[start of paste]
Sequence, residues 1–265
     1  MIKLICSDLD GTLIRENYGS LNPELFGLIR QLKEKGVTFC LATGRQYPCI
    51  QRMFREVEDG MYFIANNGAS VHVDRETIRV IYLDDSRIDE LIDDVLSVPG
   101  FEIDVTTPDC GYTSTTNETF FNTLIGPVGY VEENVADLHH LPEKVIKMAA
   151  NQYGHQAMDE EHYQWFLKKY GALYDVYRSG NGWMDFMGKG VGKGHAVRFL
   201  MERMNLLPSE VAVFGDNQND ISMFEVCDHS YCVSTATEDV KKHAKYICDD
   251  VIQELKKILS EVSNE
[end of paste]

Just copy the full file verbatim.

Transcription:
Sequence, residues 1–265
     1  MIKLICSDLD GTLIRENYGS LNPELFGLIR QLKEKGVTFC LATGRQYPCI
    51  QRMFREVEDG MYFIANNGAS VHVDRETIRV IYLDDSRIDE LIDDVLSVPG
   101  FEIDVTTPDC GYTSTTNETF FNTLIGPVGY VEENVADLHH LPEKVIKMAA
   151  NQYGHQAMDE EHYQWFLKKY GALYDVYRSG NGWMDFMGKG VGKGHAVRFL
   201  MERMNLLPSE VAVFGDNQND ISMFEVCDHS YCVSTATEDV KKHAKYICDD
   251  VIQELKKILS EVSNE